Some mortgage servicers are still struggling to comply with the Consumer Financial Protection Bureau’s (CFPB) mortgage servicing rules that took effect in January 2014, in part, because they are using “failed technology,” a special report from the bureau finds.
Since the mortgage servicing rules took effect, CFPB examiners have discovered a wide variety of violations, including misrepresentations of terms, fees and deadlines for modifications; errors in mortgage servicing rights transfers; failure to send out notices in a timely fashion; and, at times, failing to communicate with borrowers completely.
The bureau is careful to point out that its special report is based on all of the violations discovered since the rules took effect; many of the servicers found to be in violation have since taken corrective actions.
But many servicers are still committing violations, the bureau says.
“While the servicing market has made some investments in compliance, those investments have not been sufficient across the marketplace to ensure compliance,” the bureau’s release states. “CFPB examiners found that outdated and deficient technology poses risks to consumers across a number of mortgage servicers. In addition, several mortgage servicers lack proper training, testing and auditing of their computer systems and software platforms and those of their service providers. As a result of this insufficient investment, mortgage servicing problems continue to plague consumers.”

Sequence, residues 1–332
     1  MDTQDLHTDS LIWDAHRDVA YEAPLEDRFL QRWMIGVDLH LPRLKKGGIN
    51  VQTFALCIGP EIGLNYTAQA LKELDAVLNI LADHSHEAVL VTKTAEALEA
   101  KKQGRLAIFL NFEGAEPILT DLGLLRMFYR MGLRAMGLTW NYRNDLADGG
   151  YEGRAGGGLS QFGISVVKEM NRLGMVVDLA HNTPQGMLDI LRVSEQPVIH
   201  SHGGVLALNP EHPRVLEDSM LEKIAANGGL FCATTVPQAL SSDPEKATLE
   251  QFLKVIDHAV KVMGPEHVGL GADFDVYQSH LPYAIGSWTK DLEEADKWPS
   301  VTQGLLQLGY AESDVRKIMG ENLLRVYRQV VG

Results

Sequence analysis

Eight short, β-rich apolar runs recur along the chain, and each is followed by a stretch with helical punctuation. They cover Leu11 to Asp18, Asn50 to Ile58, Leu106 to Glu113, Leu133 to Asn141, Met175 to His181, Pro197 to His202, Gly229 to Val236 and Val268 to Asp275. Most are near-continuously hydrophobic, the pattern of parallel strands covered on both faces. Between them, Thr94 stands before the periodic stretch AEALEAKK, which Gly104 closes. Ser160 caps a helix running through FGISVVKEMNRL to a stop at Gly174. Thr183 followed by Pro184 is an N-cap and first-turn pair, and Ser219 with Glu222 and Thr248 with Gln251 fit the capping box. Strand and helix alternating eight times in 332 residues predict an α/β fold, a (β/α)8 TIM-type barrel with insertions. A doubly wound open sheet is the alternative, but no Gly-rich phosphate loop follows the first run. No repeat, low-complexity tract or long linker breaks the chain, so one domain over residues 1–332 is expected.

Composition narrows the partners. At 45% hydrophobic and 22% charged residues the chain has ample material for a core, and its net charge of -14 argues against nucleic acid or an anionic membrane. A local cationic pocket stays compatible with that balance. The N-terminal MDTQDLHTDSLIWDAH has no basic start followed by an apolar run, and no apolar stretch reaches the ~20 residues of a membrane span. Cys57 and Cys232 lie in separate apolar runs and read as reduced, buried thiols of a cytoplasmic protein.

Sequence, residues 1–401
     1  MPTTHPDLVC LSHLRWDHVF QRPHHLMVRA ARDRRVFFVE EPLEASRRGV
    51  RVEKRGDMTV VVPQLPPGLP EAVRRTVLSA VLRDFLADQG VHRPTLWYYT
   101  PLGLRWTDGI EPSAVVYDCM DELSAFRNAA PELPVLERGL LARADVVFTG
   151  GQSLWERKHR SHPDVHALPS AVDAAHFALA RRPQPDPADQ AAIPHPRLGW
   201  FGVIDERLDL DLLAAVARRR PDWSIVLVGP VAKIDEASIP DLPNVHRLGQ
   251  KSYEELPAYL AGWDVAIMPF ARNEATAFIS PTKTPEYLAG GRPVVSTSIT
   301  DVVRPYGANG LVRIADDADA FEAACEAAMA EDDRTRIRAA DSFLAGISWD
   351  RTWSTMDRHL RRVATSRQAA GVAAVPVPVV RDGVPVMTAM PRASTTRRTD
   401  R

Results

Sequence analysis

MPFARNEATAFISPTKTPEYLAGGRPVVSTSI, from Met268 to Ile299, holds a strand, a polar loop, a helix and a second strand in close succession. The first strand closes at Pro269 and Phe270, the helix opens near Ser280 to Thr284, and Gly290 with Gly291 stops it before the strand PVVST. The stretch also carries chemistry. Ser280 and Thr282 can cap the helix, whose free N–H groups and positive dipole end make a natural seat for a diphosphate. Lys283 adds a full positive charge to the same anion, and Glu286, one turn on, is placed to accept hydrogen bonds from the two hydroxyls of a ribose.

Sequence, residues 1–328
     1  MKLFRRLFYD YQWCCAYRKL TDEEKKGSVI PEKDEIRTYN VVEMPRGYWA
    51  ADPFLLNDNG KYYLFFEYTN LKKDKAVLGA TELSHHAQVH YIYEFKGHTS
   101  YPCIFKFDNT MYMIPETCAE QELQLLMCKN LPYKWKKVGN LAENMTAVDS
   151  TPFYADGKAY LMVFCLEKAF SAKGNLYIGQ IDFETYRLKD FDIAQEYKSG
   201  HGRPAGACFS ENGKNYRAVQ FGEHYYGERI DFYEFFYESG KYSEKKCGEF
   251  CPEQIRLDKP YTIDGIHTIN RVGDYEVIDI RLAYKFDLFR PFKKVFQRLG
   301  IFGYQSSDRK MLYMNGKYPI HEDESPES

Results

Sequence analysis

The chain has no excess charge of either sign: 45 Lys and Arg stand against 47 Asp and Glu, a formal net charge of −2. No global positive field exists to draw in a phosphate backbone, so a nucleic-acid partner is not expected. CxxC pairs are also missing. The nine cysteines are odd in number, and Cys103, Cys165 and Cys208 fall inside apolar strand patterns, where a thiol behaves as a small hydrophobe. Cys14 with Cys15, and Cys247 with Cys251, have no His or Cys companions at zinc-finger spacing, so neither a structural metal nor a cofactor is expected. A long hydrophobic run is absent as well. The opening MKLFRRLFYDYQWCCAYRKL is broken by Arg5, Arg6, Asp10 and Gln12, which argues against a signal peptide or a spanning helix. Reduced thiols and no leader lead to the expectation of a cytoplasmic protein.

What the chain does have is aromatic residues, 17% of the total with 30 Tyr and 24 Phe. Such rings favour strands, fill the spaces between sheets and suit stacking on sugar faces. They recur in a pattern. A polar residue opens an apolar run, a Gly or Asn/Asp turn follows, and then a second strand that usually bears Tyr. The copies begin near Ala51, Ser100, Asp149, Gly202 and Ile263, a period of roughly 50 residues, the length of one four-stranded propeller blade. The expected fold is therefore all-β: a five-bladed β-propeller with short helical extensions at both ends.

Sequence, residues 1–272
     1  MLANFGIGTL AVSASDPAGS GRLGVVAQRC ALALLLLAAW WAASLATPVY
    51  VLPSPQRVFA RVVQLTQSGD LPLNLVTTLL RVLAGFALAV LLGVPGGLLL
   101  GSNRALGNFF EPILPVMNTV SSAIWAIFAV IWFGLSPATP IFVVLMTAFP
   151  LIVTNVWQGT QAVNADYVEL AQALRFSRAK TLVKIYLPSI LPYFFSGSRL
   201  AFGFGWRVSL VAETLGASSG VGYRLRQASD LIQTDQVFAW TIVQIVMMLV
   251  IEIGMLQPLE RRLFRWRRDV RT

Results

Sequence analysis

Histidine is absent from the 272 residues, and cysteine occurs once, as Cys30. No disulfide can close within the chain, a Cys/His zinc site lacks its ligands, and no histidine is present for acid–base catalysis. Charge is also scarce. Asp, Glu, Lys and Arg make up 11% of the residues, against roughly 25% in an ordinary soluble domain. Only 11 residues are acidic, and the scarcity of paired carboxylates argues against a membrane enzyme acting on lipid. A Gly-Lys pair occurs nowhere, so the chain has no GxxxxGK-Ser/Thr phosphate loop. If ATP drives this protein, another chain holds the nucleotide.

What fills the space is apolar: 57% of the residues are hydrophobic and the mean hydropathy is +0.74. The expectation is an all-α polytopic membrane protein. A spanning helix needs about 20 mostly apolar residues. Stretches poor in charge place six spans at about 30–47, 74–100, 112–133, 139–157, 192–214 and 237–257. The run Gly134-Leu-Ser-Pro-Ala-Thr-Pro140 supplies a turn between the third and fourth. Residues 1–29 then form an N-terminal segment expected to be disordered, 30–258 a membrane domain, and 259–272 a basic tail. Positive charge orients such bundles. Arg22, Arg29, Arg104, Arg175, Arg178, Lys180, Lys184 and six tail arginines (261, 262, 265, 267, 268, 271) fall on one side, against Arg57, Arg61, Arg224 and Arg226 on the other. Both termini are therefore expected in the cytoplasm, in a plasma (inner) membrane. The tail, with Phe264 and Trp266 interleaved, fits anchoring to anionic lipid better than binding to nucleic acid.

The CFPB also gives the industry a glimpse of what its expectations are when it writes the following:
“CFPB examiners also observed that some servicers have made significant improvements in the last several years, in part, by enhancing and monitoring their service platforms, staff training, coding accuracy, auditing and allowing for greater flexibility in operations. For example, one or more servicers had tools in place to search, review and track complaint records for potential regulatory violations. One or more servicers also created a complaint governance committee to oversee all customer complaints to ensure they receive appropriate treatment.”
As such, the bureau says it will be requesting action plans from servicers to show that they have the processes, software and systems in place in order to meet compliance.
“Mortgage servicers can’t hide behind their bad computer systems or outdated technology,” Richard Cordray, director of the CFPB, says in the release. “There are no excuses for not following federal rules. Mortgage servicers and their service providers must step up and make the investments necessary to do their jobs properly and legally.”
To help servicers meet compliance, the CFPB has released an updated version of its Supervision and Examination Manual “to reflect regulatory changes, to make technical corrections and to update examination priorities.” For more on that, click here.